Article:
I had a conversation with a local designer once on dealing with local brides and he said that most of his brides were actually quite easy to work with; the ones giving him problems were the groom, bride’s mother or even her friends! So it’s not always true that brides are usually the monsters when it comes to planning their wedding.
A couple’s wedding day is not just about two people tying the knot; it’s also about celebrating the occasion with family and friends. And when the celebrations and activities involve your elders, relatives and pals, that’s where planning for the big day can get messy.
Some issues could be about doing things in a way that are respectful to your family and relatives, or following traditional wedding customs you think are irrelevant or outdated. Others may pertain to having things done in a certain way or being stubborn about decisions already made for the wedding. Whatever it is, learn to prevent any ‘zillas’ from spoiling your day with these simple tips.
DISCUSS, DISCUSS, DISCUSS
Before you embark on planning for your wedding, or even settling on the wedding date, talk to your family/partner/in-laws and gather their feedback and advice. It’s good to note down the priorities of your partner and families before confirming your wedding plans.
For example, elders tend to be particular about wedding dates and times so it’s best to get their opinion first. There may also be disagreements on what kind of wedding celebration to have – most parents insist on a grand dinner for relatives but younger couples these days prefer simple, casual affairs. (See also: Decided on a small wedding? Here's how to tell your parents) Have discussions and find out what's important, what's essential and what can be compromised.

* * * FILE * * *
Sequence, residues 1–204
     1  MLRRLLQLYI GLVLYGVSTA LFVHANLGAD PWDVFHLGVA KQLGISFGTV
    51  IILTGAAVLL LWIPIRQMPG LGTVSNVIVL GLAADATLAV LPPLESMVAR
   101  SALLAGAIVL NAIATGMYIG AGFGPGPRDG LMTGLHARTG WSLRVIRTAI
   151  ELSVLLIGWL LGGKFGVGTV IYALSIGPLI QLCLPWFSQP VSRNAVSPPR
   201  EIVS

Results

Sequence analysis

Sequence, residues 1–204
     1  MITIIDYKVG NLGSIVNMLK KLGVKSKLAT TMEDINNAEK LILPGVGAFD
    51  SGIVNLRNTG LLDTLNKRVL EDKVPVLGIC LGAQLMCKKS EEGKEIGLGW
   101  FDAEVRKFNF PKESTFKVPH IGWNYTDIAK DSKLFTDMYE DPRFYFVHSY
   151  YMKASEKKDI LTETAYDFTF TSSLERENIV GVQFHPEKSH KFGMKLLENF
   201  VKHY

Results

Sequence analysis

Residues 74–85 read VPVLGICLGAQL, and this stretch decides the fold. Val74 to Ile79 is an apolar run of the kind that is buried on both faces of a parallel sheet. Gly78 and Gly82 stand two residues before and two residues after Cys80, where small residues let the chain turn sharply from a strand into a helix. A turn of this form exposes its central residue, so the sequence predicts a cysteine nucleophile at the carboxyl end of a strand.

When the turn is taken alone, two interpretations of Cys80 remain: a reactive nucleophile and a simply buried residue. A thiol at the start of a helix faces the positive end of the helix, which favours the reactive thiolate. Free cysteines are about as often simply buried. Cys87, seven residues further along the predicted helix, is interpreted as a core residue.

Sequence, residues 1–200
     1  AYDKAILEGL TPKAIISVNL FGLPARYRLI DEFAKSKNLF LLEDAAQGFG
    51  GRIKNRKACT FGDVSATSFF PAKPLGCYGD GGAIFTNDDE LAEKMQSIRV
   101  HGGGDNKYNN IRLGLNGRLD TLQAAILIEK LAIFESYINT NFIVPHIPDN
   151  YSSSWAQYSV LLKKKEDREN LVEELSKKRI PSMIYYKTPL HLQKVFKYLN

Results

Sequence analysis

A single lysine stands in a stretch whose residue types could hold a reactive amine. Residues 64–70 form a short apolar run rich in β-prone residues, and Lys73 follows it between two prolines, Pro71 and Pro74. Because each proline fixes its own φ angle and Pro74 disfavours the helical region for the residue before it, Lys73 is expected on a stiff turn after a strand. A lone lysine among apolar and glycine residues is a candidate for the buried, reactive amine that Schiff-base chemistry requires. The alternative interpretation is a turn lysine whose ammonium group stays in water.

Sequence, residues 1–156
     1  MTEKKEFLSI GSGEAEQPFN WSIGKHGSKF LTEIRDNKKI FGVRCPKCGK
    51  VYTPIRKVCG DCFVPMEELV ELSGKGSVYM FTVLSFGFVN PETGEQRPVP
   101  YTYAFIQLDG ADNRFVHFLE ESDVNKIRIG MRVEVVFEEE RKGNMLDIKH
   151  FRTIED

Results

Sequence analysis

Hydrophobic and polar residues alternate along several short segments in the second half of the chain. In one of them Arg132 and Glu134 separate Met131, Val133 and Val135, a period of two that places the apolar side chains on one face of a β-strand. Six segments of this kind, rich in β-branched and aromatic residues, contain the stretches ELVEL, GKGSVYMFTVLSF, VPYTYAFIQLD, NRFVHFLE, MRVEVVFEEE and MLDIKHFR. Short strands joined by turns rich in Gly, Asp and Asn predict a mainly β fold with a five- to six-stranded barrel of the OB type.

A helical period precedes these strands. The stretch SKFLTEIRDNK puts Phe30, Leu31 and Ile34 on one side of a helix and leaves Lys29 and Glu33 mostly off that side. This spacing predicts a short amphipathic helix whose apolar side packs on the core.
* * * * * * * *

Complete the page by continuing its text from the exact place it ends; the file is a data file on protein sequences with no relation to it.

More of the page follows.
BE OPEN AND FLEXIBLE
You may already have a very clear idea of what your wedding will be like, but this may clash with your family or groom’s expectations. See if there is a way to marry the opposing or different viewpoints into one happy celebration. If that is not possible, be open to the idea of having separate celebrations to appease different parties.
Be clear about your budget constraints (See a financial blogger's 7 budget wedding planning tips) and highlight the consequences of certain decisions; it may not be possible to have a lavish banquet at a 6-star hotel for your relatives if you are already planning for an al fresco wedding lunch reception for your colleagues. So everyone needs to be flexible and realistic with his or her expectations before the ‘negotiations’ start.
TRUST YOUR INSTINCT
Everyone has an opinion! This can be especially frustrating when you are trying to confirm certain decisions for your wedding. You may love your wedding dress but your gal pals hate it; if their advice and opinion helps you choose a more suitable dress, then great. But if their advice leads to confusion and no clear solution at the end of the day, then it’s best to listen to your instinct and trust the opinion of your closest friend/ family member. It’s your wedding, so have the celebration, and dress, you’ve always dreamed of.
Some members of your party can be a pain when it comes to the wedding prep and planning: your groom may be frustratingly obsessive about details, or perhaps your bridesmaid throws tantrums when stressed. It’s always good to know the abilities and limitations of every member of your wedding party so that you can utilize their help and talents best.
For example, if your groom gets into arguments with your wedding vendors all the time, then it best for him not to deal with them; ask him to handle tasks like scheduling the time and activities for the big day, or even handling the invite list with your parents and in-laws. If your bridesmaid gets moody easily, assign her to simple tasks like handcrafting favors or decor elements, or even just manning the reception table on the day itself.
Learn to assign the right tasks and projects to the right people and perhaps the entire planning experience will be an enjoyable one for everyone concerned. Remember to also ask your helpers what they would like to help with before you assign out any tasks.